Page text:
modified: Tuesday 29 March 2016
Moving away from Arch Linux Part 1: Systemd
This is the first post in a multi-part series about moving away from Arch Linux and installing another distro.
- Part 1: Systemd and reasons for leaving (this page)
- Part 2: Looking at gentoo and Void Linux.
- Part 3: Experiences with Void Linux (still to be written)
Years ago I found Arch to be an amazing distribution. I loved the fact that the user was trusted to keep things running. Administrating the system was transparent with very little obfuscated automation. If something broke, I knew it was my fault, not some random script doing something unexpected. You even had to identify and install many dependencies yourself — packages would only list the deps that they need to run, not the deps required for all of their features to function.
This contrasted with my previous distro, Debian. If you installed a package that had a daemon, the daemon’s service would immediately be added and started. If you installed a package then every conceivable dependency would be installed along with it (one of my favourite apt-get flags was —no-recommends , especially when I was on a 2GB internet cap).
Today Arch still has some features that other distributions cannot beat it on. The Arch Linux wiki has become a defacto central hub for linux user documentation. The installation process is manual (especially useful given that I always break the assisted/gui installers). Luckily these plusses are mostly Arch agnostic: the wiki’s content is useful regardless of what distro you are running; and the installation instructions have taught me enough to be able to bootstrap other distributions as well.
My experiences with Arch Linux on both my desktop and my laptop have slowly gone downhill since my initial impressions. This post outlines why I want to move on and future posts will describe my journey migrating my desktop installation away from it. I plan to tackle my (somewhat more complicated) laptop another day.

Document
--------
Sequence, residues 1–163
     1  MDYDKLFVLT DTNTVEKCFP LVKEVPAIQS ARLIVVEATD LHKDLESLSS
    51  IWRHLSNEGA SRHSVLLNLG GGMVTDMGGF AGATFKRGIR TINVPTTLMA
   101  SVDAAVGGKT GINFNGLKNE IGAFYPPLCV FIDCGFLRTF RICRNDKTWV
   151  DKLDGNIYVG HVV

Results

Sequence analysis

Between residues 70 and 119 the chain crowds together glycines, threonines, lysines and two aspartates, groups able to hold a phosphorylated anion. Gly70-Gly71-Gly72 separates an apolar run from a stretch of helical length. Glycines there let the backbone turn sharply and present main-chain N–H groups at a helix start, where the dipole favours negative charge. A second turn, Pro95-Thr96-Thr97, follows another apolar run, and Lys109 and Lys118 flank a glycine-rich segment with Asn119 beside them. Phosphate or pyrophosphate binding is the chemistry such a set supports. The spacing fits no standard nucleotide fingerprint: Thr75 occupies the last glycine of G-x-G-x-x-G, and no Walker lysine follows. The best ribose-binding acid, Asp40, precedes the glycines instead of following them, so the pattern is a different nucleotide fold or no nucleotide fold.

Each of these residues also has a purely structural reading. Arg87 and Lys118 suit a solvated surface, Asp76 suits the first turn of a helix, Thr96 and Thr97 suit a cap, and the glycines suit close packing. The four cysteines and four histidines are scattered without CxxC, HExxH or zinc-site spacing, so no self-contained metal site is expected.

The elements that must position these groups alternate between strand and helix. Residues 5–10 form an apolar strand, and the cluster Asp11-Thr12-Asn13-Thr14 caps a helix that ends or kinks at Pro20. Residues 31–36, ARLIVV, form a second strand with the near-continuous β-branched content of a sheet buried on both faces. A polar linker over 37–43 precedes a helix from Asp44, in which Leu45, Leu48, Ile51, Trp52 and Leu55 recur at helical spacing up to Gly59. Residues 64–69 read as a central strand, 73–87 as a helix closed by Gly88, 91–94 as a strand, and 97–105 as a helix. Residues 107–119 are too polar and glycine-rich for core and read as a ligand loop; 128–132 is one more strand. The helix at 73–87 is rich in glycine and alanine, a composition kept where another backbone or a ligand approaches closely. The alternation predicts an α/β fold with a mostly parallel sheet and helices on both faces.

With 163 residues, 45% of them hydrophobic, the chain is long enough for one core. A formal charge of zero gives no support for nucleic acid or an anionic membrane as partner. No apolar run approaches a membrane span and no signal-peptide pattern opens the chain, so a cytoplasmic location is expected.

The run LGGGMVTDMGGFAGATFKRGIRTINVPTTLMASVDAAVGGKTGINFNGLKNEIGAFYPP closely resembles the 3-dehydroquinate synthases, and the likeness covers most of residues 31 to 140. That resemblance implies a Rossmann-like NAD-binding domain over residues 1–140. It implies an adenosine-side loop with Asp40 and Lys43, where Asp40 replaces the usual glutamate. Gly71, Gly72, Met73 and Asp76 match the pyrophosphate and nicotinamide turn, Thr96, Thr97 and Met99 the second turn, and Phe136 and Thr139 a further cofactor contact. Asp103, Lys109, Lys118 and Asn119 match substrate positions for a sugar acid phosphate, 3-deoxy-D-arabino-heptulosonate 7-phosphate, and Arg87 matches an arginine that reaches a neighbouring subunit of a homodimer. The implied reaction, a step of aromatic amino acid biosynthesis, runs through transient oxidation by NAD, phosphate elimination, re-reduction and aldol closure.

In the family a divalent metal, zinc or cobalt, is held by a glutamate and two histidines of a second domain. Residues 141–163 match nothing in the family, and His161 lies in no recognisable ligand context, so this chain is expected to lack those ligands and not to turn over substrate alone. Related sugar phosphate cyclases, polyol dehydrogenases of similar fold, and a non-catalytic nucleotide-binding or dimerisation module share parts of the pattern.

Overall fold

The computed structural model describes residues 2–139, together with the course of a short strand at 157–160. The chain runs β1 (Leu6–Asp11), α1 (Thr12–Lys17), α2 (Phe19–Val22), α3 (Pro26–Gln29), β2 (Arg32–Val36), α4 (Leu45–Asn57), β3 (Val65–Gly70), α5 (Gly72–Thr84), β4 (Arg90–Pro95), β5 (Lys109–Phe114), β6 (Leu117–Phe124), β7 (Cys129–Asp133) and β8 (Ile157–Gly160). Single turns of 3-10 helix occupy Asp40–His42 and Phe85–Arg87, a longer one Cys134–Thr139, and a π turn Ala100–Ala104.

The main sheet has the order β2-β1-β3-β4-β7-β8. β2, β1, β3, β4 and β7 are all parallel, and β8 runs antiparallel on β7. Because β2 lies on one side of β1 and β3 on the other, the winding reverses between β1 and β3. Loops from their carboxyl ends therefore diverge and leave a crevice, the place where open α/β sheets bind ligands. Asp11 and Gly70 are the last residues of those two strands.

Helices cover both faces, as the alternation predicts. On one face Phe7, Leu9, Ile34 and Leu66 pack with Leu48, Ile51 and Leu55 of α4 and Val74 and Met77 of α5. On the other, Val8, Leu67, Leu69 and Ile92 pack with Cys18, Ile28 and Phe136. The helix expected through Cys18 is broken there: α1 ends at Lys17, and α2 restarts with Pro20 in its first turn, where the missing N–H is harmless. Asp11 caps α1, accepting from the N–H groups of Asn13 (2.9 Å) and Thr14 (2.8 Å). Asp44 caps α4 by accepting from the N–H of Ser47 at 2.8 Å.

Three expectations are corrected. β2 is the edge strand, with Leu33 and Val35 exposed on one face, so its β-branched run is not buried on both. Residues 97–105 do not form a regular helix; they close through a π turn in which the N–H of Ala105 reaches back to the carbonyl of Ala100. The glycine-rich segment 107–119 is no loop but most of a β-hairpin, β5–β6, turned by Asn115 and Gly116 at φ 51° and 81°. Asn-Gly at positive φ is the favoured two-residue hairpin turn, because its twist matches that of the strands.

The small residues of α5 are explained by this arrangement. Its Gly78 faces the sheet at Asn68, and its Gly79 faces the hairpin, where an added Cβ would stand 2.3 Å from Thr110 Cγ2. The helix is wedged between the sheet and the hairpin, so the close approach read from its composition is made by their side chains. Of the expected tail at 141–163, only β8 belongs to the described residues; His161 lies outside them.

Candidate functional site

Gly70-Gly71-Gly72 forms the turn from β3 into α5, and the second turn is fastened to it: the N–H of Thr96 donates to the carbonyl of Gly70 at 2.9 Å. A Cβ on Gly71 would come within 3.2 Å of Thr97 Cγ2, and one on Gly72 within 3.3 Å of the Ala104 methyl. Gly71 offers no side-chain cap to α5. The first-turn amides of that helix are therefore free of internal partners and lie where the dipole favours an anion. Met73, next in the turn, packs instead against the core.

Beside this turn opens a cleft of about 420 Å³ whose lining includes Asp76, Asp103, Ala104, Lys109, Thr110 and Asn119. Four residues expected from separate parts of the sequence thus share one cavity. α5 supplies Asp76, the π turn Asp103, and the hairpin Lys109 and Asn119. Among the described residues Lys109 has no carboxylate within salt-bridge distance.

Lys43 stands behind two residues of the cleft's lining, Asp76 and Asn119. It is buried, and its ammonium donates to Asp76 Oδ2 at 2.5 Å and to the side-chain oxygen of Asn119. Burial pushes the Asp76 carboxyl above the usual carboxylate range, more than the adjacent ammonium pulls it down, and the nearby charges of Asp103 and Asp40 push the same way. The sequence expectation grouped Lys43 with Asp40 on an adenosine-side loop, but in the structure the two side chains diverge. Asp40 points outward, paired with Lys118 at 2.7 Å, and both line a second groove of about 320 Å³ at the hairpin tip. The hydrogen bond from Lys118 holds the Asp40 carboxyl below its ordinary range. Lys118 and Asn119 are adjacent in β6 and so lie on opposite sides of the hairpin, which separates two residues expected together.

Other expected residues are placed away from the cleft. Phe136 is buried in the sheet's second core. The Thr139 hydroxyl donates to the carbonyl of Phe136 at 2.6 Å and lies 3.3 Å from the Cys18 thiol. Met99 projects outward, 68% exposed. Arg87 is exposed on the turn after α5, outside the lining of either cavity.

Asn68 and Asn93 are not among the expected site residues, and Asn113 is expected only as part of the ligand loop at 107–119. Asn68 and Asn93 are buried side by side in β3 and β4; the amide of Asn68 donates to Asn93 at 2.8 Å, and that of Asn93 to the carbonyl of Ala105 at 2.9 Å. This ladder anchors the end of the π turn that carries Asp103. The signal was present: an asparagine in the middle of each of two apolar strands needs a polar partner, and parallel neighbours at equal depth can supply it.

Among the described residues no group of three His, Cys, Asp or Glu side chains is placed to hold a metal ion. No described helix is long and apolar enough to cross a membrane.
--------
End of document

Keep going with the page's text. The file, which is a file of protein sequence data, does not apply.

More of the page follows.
When I first installed Arch Linux it used sysvinit as its init system. Systemd was a fabled futuristic init system that promised speed-ups and parallelisation. I was excited about it and tried to install it, but returned to the sysvinit system after that.
Arch Linux migrated from sysvinit to systemd some years ago. The sysvinit system is no longer supported.
Systemd is now the primary reason I want to distro-hop away from Arch: over time my issues with it have slowly built up and I no longer want to tolerate it being a component of my system.
Over the past few years systemd has become a core component of many Linux distributions. Now many popular distros will not function without systemd because their core packages depend on it.
It’s interesting that the Wikipedia page for systemd (at the time of writing) describes it as (only) an init system:
systemd is an init system used by some Linux distributions to bootstrap the user space and manage all processes subsequently, instead of the UNIX System V and Berkeley Software Distribution (BSD) init systems
I would say that’s quite inaccurate. ‘Init’ is one feature of the infinitely growing list of features that systemd provides. The freedesktop.org page has a better idea. I don’t expect you to read all this:
systemd is a suite of basic building blocks for a Linux system. It provides a system and service manager that runs as PID 1 and starts the rest of the system. systemd provides aggressive parallelization capabilities, uses socket and D-Bus activation for starting services, offers on-demand starting of daemons, keeps track of processes using Linux control groups, supports snapshotting and restoring of the system state, maintains mount and automount points and implements an elaborate transactional dependency-based service control logic. systemd supports SysV and LSB init scripts and works as a replacement for sysvinit. Other parts include a logging daemon, utilities to control basic system configuration like the hostname, date, locale, maintain a list of logged-in users and running containers and virtual machines, system accounts, runtime directories and settings, and daemons to manage simple network configuration, network time synchronization, log forwarding, and name resolution.